Experts are urging people to report sightings of so-called clouds of starlings within the M25.
Starlings take to the skies above the UK in large numbers between November and February - a wildlife spectacle known as a murmuration.
The Royal Society for the Protection of Birds (RSPB) wants the details and images of any such events across London to be recorded on its Facebook page.
According to the RSPB starling numbers in London are continuing to fall.
The wildlife charity says the expansion of the city, eating into suitable permanent pasture, is thought to have resulted in the huge numbers of starlings that once lived in the capital moving away.
Across the UK as a whole starling populations have fallen by more than 70% in recent years putting them on the list of UK birds most at risk, it claims.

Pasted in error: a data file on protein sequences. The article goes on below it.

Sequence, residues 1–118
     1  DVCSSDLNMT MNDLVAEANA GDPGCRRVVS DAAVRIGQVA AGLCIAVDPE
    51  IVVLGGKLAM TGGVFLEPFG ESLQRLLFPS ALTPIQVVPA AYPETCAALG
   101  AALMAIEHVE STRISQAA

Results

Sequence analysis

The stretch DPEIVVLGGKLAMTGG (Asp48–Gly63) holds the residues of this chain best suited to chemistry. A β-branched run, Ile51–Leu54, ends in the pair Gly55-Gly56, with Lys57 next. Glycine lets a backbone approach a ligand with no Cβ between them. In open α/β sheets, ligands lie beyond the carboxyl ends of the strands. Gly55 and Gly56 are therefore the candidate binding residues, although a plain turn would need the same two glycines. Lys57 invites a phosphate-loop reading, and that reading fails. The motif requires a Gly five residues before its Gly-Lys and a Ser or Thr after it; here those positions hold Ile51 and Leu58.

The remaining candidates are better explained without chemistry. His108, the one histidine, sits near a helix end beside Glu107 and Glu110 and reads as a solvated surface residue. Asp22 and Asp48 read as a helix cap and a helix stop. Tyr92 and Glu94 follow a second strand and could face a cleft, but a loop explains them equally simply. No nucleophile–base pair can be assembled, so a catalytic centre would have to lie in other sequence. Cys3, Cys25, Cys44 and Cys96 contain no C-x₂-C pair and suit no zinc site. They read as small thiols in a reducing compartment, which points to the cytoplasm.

Despite this they remain the second most common bird identified in London's Gardens, according to the 2010 Big Garden Birdwatch.
The huge gatherings of starlings are at their largest in winter as they are boosted by thousands of migrant birds visiting from the European continent for Britain's milder Atlantic climate.
Numbers of starlings in a roost can swell to around 100,000 in some places.
The best time to see them is early evening, just before dusk, as they perform their aerial dance and choose their communal night-time shelter.
Johann Holt of the RSPB said: "The starling roost is one of the most incredible natural spectacles we enjoy here in the UK and they are so easy to see.
"You know that at a certain time in the evening the sky will start to turn black and it's mesmerizing watching the flock grow and grow."